One exception to the general political theological silence on the command/commandment is Giorgio Agamben’s recently published lecture, “What is a Command?”, which, he notes, is merely a preliminary piece of a larger, yet to be completed, archaeology of command. “What is a Command?” opens with a discussion of the equivocity of the ancient Greek term archē, a word meaning both “origin, principle” and “command, order.” Agamben notes that the book of Genesis plays on these two meanings by beginning en archē, that is, with the imperative, the command, “let there be light.” He argues that this famous opening should not be translated “in the beginning was the word” but instead “in command — that is, in the form of a command — was the word.” For Agamben, the influence of the origin, its imperative force as both beginning and command, is characteristic not only of theology and scripture, which are always seeking to return to the original and hence most commanding words of Christ, but also of the entire Western “philosophical tradition and the human sciences.”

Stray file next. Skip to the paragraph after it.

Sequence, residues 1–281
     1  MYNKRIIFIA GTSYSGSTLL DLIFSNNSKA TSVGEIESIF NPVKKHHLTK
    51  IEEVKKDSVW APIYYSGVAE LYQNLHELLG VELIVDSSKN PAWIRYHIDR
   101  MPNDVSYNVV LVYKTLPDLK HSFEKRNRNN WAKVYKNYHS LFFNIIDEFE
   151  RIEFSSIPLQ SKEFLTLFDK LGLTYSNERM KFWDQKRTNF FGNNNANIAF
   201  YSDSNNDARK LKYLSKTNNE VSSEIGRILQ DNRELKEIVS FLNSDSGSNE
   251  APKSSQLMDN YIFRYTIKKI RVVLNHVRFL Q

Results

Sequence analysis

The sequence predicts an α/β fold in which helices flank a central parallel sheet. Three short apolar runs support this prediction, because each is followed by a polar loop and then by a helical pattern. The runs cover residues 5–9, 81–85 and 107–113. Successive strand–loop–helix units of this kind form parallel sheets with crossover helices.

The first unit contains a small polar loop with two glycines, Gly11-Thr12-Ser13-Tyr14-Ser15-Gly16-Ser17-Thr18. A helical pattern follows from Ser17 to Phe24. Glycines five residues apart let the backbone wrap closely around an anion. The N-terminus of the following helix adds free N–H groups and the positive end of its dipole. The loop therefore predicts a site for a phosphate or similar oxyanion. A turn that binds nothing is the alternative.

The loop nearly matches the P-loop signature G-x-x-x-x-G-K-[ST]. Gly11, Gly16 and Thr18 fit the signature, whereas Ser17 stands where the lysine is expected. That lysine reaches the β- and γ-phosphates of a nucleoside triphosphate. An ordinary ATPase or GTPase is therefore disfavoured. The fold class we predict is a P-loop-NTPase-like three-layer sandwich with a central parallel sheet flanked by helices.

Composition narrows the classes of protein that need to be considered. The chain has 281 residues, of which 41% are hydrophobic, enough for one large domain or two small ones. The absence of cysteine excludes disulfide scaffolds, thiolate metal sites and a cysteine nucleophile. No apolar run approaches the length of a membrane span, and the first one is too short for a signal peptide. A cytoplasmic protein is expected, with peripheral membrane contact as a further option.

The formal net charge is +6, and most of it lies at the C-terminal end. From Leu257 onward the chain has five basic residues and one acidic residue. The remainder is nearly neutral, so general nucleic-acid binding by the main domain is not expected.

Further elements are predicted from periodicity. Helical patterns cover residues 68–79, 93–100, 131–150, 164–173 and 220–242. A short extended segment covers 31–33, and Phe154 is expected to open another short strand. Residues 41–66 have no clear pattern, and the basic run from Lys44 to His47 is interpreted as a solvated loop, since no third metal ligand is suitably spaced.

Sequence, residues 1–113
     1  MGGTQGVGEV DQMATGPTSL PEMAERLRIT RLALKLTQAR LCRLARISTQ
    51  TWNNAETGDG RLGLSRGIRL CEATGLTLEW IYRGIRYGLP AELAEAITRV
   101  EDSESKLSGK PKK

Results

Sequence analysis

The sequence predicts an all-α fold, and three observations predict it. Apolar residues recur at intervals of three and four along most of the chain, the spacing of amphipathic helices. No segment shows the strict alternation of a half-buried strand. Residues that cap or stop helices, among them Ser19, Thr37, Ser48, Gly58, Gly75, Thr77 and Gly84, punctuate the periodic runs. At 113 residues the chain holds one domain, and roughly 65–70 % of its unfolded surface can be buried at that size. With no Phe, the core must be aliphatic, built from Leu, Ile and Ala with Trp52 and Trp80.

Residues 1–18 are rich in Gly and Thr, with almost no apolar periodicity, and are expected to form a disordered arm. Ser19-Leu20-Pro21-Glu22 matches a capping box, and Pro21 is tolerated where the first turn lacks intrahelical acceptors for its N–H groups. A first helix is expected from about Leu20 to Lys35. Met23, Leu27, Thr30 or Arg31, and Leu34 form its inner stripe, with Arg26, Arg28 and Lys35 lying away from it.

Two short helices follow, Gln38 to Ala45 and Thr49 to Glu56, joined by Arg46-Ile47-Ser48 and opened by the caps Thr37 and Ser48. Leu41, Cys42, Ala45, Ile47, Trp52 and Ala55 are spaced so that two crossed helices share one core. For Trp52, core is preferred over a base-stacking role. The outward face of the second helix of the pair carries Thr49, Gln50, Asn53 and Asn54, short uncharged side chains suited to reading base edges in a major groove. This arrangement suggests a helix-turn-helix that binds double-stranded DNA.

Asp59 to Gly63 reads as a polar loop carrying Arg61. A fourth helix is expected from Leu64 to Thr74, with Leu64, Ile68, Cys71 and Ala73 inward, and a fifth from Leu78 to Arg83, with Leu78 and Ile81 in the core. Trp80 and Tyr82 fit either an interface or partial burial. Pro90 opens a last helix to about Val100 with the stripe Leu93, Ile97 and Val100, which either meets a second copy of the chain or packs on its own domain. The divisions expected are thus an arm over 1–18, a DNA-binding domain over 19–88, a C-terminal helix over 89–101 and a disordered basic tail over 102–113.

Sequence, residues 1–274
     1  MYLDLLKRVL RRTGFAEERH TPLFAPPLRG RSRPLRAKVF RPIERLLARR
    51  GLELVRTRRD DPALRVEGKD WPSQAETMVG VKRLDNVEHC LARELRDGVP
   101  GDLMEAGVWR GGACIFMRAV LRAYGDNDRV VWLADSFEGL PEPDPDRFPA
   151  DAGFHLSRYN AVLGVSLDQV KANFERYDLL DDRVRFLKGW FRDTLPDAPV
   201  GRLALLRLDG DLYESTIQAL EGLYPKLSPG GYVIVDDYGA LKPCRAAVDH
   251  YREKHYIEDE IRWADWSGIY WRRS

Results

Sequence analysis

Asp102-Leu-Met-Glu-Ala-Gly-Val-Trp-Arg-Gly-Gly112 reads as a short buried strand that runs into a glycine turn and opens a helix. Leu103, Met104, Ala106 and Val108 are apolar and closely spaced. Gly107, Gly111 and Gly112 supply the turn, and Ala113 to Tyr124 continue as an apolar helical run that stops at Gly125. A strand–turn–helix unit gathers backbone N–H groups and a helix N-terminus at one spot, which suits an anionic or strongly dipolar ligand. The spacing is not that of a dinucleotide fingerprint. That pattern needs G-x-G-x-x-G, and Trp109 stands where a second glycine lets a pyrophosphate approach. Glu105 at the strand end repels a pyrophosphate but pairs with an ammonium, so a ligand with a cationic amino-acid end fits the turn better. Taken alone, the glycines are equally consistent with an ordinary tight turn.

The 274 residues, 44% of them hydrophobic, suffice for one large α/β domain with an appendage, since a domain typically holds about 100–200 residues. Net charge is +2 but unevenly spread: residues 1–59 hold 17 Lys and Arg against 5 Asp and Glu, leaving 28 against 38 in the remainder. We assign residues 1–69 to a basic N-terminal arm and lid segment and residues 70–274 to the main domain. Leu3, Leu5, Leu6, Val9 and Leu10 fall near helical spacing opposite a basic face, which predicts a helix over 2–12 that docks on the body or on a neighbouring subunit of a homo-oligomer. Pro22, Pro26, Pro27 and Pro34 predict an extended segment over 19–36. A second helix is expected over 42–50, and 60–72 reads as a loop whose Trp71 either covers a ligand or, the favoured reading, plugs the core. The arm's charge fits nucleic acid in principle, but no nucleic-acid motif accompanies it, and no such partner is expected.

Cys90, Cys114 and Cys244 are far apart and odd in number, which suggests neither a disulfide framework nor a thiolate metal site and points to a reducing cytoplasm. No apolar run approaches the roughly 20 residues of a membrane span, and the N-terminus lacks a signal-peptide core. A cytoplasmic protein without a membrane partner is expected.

If true, this might explain the constant return in political theory (and political theology) to the works of Thomas Hobbes, arguably the original theorist of the modern state form. Hobbes’ Leviathan offers a curious, but often neglected, political interpretation of the ten commandments. In Chapter 30, Hobbes interprets the decalogue as a set of general political principles which form the “natural and fundamental laws” of sovereignty. He draws connections between different religious traditions (Roman-Pagan, Judaic and Christian), equating the central theme of the pagan myth of the daughters of Pelias with the biblical first commandment, “thou shalt have no other gods.” Both, according to Hobbes, teach the principle that the sovereign must dictate the religion of a state: cuius regio eius religio (“whose realm, their religion”). But Hobbes insists that these political principles given to Christians in the ten commandments are not specific to Judeo-Christian faiths or necessarily derived from divine revelation. Instead he claims they are universal principles that can be grasped simply by “industrious mediation.” For instance, the fourth commandment, “remember the sabbath day, to keep it holy,” Hobbes generalizes into a universal principle of politico-legal education. From the particular Judaic practice of abstaining from work to study the Torah (Judaic Law), Hobbes derives a model for the fundamental pedagogical practice to be promoted by the sovereign: abstaining from work to learn the laws of the commonwealth. Effective education in politico-religious matters requires a break with the prosaic concerns of daily life. The minds and actions of subjects must be cultivated on the sabbath through learning the law of the commonwealth and their duty of obedience to the sovereign.